Bill Gates, billionaire “philanthropist” and Microsoft co-founder, is urging countries globally to embrace his plan for “digital ID,” aiming for everyone to “proves their identity.”
On Twitter/X, he highlighted that “850 million people” worldwide still “lack ID that proves their identity.”
850 million people lack ID that proves their identity. As a result, they’re shut out of a lot of services that could change their lives.
— Bill Gates (@BillGates) August 21, 2023
He championed the Modular Open-Source Identification Platform (MOSIP) as the global solution to provide digital IDs for all. Gates views MOSIP as an “inclusive approach” to a “global digital ID system,” calling it “a formidable solution” for “dismantling the barriers” facing countless individuals without proper identification.
Following this, the Bill & Melinda Gates Foundation has invested $10 million in MOSIP. Moreover, the Gates Foundation collaborates with the United Nations’ Sustainable Development Goals to further this technology.
The primary objective of the Gates Foundation is advancing a universal digital identification system. While the initial pitch is for low to middle-income countries, the vision is global. Nevertheless, MOSIP faces criticism from privacy experts.
There are reservations about the wider repercussions of such an extensive digital ID system. Historically, technological progress has sometimes been a double-edged sword, especially concerning privacy. Concerns also arise over potential societal exclusion for those not adopting the system or being blocked from it.
The inspiration behind MOSIP seems to be India’s state digital ID, Aadhaar, introduced in 2009. Despite global interest in Aadhaar, its challenges prompted countries to consider potentially costly and opaque commercial systems, leading to issues like “vendor lock-in” and potential data misuse.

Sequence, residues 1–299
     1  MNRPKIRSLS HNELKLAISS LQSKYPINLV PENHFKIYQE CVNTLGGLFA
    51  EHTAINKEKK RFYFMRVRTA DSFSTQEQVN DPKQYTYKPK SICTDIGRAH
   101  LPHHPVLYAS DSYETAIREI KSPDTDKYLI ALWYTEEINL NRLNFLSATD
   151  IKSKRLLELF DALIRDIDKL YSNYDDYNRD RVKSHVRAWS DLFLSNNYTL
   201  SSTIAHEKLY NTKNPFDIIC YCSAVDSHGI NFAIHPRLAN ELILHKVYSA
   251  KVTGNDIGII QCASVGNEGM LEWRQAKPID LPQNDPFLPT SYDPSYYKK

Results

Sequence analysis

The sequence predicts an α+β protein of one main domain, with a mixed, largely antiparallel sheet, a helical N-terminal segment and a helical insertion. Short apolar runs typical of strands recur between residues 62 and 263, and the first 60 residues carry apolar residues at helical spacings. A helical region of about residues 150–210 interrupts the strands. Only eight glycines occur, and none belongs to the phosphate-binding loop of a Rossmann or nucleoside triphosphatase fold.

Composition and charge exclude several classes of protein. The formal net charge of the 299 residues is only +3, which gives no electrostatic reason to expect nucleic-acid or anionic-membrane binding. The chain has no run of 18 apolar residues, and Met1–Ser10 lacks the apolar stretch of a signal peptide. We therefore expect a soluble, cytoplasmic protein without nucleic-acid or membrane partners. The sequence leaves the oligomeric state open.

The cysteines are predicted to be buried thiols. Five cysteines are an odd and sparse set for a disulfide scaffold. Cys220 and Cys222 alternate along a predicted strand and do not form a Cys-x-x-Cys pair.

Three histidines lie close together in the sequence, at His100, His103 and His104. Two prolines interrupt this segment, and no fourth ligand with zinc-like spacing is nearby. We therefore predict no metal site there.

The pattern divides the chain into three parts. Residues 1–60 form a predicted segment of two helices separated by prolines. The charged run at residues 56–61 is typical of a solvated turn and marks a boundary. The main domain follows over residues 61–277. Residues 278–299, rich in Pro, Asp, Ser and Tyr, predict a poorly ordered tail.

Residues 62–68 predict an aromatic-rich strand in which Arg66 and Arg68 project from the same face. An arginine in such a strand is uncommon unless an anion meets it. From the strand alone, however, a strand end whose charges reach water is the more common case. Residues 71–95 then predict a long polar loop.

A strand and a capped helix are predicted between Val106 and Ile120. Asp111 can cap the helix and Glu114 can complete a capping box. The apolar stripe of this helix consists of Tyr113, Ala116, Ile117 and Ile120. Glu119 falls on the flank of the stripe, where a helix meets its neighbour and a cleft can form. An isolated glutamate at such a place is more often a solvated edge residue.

Emerging in 2018, MOSIP addresses these concerns, emphasizing its adaptability to different nations. Gates, the UN, and MOSIP supporters label it as the “inclusive” solution. The Philippines pioneered its adoption, with 11 African nations joining. To date, over 90 million digital IDs have been issued in the Philippines, Ethiopia, and Morocco.
However, the vast data collection presents evident risks. Customizing MOSIP for every nation means handling enormous personal data. With an 80+ vendor ecosystem, data breach vulnerabilities grow. While MOSIP provides training and certification, managing multiple vendors poses data security challenges. Aiming to register a billion people in the next ten years only heightens these concerns.
The Gates Foundation sees digital IDs as crucial for developing digital public infrastructure (DPI). DPI supporters believe in its potential for economic growth. But, privacy threats can’t be downplayed. If digital ID becomes mandatory for daily tasks, it could exclude those not adhering to regulations. For instance, a social media mishap might deny someone public transport access.
Reports indicate global entities like the World Economic Forum (WEF) have been promoting “cashless societies” and digital ID “benefits.” The UN even suggests linking digital IDs to bank accounts, similar to the WEF’s system. As per three UN policy briefs, the goal is to support UN Secretary-General Antonio Guterres’s future “vision,” set to be endorsed in September 2024 at “The Summit for the Future.”
The report states: “Digital IDs linked with banking can enhance social protection delivery. They might cut down errors, costs, and program inefficiencies.”
Furthermore, the WEF recently partnered with biometrics firm Fingerprint Cards to push its digitization efforts. Fingerprint Cards has joined the WEF’s New Champions Community. The WEF emphasizes biometric digital ID for “social inclusion.”
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by Kyle Becker
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